The seating configuration for Sunday’s church service was a little bit different, Pastor Rick Joynter noted for those visiting Morningstar Fellowship Church for the first time.
As Secret Service agents manned strategic points around the hall and checked worshipers coming through the doors, a rope separated the congregation from the area around the pulpit and from a VIP section nearby containing a special guest speaker.
“I want to give as much time as possible to Dr. Ben Carson,” Joynter told the church.
The presidential candidate made his second appearance in York County in four days at the church on Star Light Drive. He spoke at the religiously themed Carolina Values Summit at Winthrop University on Thursday, and he appeared in the nationally televised Republican debate in Greenville on Saturday, one week before the South Carolina Republican primary.
But as he took the stage at Morningstar, Carson seemed glad to be back in his element. “There’s no place I’d rather be on Sunday,” he said.
Carson has slipped from his high point in the polls this fall and will need a strong performance Saturday to rise above the likes of Donald Trump, Ted Cruz and Marco Rubio. But his message on Sunday was more sermon than stump speech, focused less on his presidential expectations than his own story about how he came to the church.
Carson’s mother required her sons read library books and write out book reports, which she couldn’t read.
The eventual pediatric neurosurgeon was raised in poverty in Detroit, and some members of his audience audibly gasped as he recounted his family history. His mother, a domestic worker, married at 13 but later divorced Carson’s father after she discovered he was a bigamist with a second family.
She raised both her sons to be studious, requiring them to read a library book each week and write out a book report, which he later discovered she herself couldn’t read.
“People told her, ‘You can’t keep boys inside reading books. They’ll hate you,’” Carson said. “Today I probably could have called social services, and they’d have taken her away.”
The younger Carson may have been in danger of getting taken away himself. He says a hot temper often led him to physically lash out at people.
“One time, my mother was trying to get me to wear something, and I picked up a hammer and tried to hit her in the head with it,” he said. “Fortunately, my brother caught it from behind.”
Carson realized his behavior threatened his dream of finishing school and becoming a doctor. “I fell to my knees,” he said, “and said, ‘Lord, you have to help me. Take this away from me.’”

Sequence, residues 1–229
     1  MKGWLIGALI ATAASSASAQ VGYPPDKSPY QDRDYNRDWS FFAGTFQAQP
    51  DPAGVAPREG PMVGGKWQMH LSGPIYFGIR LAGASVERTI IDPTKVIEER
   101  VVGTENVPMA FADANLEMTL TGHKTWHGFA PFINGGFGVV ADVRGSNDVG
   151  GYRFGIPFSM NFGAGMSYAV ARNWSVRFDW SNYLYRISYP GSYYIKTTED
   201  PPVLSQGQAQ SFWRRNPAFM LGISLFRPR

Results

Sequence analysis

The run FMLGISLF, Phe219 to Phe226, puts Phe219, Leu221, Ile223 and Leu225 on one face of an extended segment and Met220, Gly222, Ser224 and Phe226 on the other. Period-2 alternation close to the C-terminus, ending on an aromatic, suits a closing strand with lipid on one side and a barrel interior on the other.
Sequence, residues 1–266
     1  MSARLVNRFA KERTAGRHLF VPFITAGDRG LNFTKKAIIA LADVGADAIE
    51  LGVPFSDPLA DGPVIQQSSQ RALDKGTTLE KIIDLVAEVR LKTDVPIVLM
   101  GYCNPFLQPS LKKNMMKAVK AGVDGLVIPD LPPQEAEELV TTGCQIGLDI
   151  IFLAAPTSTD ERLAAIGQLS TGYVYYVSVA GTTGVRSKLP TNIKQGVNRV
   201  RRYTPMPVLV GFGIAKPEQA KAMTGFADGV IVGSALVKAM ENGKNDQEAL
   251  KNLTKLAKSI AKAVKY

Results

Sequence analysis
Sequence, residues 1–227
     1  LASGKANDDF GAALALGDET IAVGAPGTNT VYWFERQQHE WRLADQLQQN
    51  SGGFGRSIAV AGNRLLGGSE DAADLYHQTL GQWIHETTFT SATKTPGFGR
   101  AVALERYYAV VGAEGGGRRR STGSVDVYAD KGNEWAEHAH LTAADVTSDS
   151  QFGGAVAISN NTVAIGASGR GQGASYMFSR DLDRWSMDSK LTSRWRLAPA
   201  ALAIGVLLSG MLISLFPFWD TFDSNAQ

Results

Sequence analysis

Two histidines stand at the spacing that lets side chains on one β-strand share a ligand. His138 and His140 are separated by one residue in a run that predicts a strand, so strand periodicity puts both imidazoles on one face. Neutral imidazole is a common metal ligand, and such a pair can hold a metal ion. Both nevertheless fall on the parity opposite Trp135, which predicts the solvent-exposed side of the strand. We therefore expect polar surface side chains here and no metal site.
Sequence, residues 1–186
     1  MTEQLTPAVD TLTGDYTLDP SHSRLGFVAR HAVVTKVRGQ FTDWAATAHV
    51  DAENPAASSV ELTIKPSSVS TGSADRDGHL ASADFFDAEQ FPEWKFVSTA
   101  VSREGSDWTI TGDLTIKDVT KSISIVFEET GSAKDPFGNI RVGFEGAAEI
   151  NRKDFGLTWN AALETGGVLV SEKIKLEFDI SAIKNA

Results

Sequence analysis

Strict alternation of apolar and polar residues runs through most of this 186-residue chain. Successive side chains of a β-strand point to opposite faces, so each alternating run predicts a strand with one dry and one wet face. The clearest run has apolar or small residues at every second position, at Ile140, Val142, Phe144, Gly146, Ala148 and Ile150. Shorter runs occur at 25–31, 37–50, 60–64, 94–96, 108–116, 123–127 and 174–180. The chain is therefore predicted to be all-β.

He picked up the family Bible and spent three hours reading through it in the home’s bathroom.
“I opened it up to the Book of Proverbs, and there were all these verses about fools, and it seemed like they were written about me,” he said. “I realized that to lash out, to kick down a door, to punch somebody, was not a sign of strength but a sign of weakness.”
Interspersed with his personal story, Carson talked up some of his proposals for the presidency. He disparaged government-led efforts to boost the economy or improve people’s personal finances. He said college students were following a “pied piper” in Democratic socialist candidate Bernie Sanders, with his promises of tuition-free college.
Instead, he promised a tax holiday that would allow American companies to return $21 trillion currently kept overseas, “the biggest economic stimulus since FDR’s New Deal,” he said.
Carson also used his own story to talk about the need for criminal sentencing reform and to offer more help to young people who grew up like he did. Someone kept out of jail and off drugs “is one more productive person who could find clean energy or cure cancer,” he said. “We can’t afford to waste any of our people.”
But many of his remarks focused on the piety that has attracted much of Carson’s support from conservative Christians – such as what Carson perceives as an effort to force God out of the public square, even as the Pledge of Allegiance declares the U.S. one nation “under God” and money is printed with the motto “in God we trust.”
“In medicine we have a word for that,” Carson said. “Schizophrenia.”
It creates a sense of trust.
Morningstar Church member Nan Branum, on Carson speaking in her church
Churchgoers said afterward they were glad to have a chance to see the candidate in a more intimate setting, outside of the televised debates.
“We hear his heart when you can hear him in this atmosphere. You get a picture of the full man,” said Morningstar member Nan Branum. “It creates a sense of trust.”
“I thought what he shared today was extremely insightful,” said Saanyah T. Rahm, who said she planned to read Carson’s book after hearing him speak. “I appreciate him combining his spiritual insight with his worldview.”
Now it remains to be seen if voters will show the same appreciation for Carson’s worldview on Saturday.